What do you think is the single biggest challenge in human-computer interaction?

I think in this area essentially, if you are working with an AI system you shouldn’t be able to tell the difference between working with the AI system and working with a human team member. It’s like the version of the Turing test. Everything that we thought we were good at, that ship has long sailed. We are not the fastest in anything. Even cheetahs are faster than us. I mean with bipedal locomotion, we are faster than most of the other animals but now, every little motorcycle is faster than us. And so we are not the fastest. We are not the best weightlifters. We are not the tallest… We basically have nothing really left to claim as the best about humanity. But the thing about humanity is general intelligence. We are not the best at any one thing but we are flexible and that’s ultimately the goal of AI.

In the end we will have to start worrying about human privacy overall when you have machines that are generally intelligent. They may not be like the best lawyer, or the best doctor but they’ll be just like normal humans. And normal humans are basically very flexible showing pretty effective behavior in all sorts of scenarios. They can drive without getting into accidents, and can have a conversation without basically offending people. And all these things that humans can do, when an AI system starts doing that, then all the ethical questions arise. You then have a world where it may be the case that humans might find it more fun to interact with the AI systems than other humans.

What’s your take on the doomsday scenario of machines taking over the world?

Taking over the world aspect as I said is stupid autonomy operating here. Thermonuclear bombs exist.. And the other thing that’s much worse, I’m more worried about how quasi-intelligent systems can be weaponised by humans. That’s what I’m more worried about. Basically whether it’s the Russian election scenarios, or Facebook scandals, these are essentially humans weaponizing quasi-intelligent systems. It’s not systems just having goals and saying hey let’s get rid of humanity. That makes for great Hollywood movies!

There are some people that I admire, and respect quite well such as Stuart Russell who is also really worried about computers winding up having survival instincts. And at that point, in their ability to survive they might unwittingly cause harm to humans. His argument is that any system that optimizes for its effectiveness of achieving goals will indirectly essentially learn some survival instincts. There are also some philosophers like Nick Bostrom who are worried about this issue of super intelligence and what happens when machines become more intelligent than humans in all areas.

For me, I’m not as worried about it. It’s like somebody said that’s like worrying about atmospheric pollution on Mars which is not the most pressing problem right now. I think to me, the most pressing problem is things like adversarial use of existing AI technology by malicious human actors.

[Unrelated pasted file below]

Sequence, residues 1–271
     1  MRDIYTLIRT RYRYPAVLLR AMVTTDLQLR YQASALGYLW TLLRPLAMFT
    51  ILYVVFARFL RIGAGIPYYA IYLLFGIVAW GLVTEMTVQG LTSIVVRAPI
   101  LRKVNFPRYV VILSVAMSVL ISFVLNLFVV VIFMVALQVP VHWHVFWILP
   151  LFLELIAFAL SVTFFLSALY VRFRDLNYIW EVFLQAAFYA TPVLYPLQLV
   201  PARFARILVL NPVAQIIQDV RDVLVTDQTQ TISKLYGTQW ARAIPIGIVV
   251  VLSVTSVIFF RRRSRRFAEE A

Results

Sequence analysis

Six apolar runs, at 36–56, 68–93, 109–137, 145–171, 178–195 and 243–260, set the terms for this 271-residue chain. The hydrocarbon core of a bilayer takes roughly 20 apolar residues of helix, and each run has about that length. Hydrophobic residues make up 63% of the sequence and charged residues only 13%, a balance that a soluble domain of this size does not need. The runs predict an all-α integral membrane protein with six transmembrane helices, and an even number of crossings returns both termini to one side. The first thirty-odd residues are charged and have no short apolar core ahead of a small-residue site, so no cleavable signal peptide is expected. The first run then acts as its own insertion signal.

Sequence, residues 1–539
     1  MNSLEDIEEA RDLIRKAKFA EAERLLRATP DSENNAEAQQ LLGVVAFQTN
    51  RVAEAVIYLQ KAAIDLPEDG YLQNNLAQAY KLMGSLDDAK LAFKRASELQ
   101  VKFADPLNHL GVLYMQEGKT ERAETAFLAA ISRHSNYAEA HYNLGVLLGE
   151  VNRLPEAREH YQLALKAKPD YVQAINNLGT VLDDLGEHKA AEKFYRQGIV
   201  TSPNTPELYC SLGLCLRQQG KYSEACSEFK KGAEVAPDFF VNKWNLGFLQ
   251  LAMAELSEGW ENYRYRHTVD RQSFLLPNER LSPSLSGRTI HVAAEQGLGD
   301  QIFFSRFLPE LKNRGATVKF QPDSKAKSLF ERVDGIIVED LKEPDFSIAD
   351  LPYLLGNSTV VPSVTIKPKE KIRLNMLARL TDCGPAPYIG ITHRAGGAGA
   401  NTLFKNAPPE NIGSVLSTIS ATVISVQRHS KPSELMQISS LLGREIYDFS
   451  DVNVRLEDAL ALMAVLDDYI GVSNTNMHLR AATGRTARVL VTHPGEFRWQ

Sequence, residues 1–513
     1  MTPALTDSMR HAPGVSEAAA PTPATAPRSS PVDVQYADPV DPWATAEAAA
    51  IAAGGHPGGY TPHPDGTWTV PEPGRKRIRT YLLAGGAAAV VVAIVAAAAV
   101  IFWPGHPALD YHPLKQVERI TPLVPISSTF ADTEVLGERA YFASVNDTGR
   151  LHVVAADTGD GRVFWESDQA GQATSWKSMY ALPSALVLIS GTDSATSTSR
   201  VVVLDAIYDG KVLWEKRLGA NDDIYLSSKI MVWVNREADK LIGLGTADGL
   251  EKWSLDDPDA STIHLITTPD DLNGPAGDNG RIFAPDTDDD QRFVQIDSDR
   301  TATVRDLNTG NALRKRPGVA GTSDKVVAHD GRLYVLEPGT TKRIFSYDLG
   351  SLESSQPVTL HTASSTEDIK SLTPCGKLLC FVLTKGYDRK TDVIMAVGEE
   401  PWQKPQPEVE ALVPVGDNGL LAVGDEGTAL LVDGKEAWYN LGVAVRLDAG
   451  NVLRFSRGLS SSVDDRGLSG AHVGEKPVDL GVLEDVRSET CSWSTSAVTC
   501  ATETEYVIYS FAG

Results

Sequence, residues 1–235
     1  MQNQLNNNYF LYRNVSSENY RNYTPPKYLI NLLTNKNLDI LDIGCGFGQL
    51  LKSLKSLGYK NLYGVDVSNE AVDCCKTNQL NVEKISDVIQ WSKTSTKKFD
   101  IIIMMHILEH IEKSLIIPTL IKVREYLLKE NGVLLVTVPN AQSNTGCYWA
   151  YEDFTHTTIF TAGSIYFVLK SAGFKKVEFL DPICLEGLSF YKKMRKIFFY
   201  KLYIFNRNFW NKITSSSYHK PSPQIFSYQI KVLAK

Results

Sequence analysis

As a professor you have always used innovative methods of teaching and even have a YouTube channel. Do you foresee traditional classrooms being replaced by machines? 

When Coursera came along, we all assumed that teaching as we know it, in classrooms would go away. In fact, I would make this joke that I’m going to become a swimming teacher. Why? Because it’s extremely hard to learn swimming by watching videos alone.

Here is something where I do think the AI systems can be very useful in – tutoring. You know if we had the resources, the best way of learning any material is somebody just teaching you and you alone ultimately. Not the 200 people in a classroom because in a 200-people classroom you would have to teach to the median, whatever your conception of median is. That means half of the people are bored, and the other half of the people are lost and one person is kind of getting it. To me one of the biggest applications of AI systems would be personalized tutoring systems. Sitting from where we are, I can see either of two things happening – only mooks exist or only personalized tutors exist. Personalized ‘tutoring’ typically happens in research. Essentially that’s what we do with Phd or research students. That’s completely personalized. But It’s not tutoring, it’s more collaboration. You’re working one-on-one on a single problem and it’s not even clear who is teaching whom and oftentimes my students teach me rather than the other way around! And that’s the way best research typically winds up being.

Can you tell us about your association with IIITH so far?

Honestly, I think I knew of IIITH almost since Rajiv Sangal was the director but suddenly I became aware of it a lot more once P.J. Narayanan joined here. He was my classmate at the University of Maryland. He used to work at the Centre for AI and Robotics in Bangalore earlier and then he came here. So that’s how I became a lot more aware of it and I also had students from IIITH. I think the connection of combining research with teaching, IIITH does it better than some of the IITs at least. I mean IITs are mostly teaching institutions essentially and of course IITs are more general. They’re also not just Computer Science. IIITH is mostly Computer Science but they seem to have done this in a more interesting way of having research experience for all the students. So this is something that sets apart the few students from IIITH that I’ve worked with as grad students at Arizona State University (ASU).

Sarita Chebbi is a minimalist runner, practising yogi and baker of all things whole-wheat, and sugar-free. Currently re-learning her ABC’s…the one that goes: A for algorithm, B for Bayesian, C for convolutional (neural network)….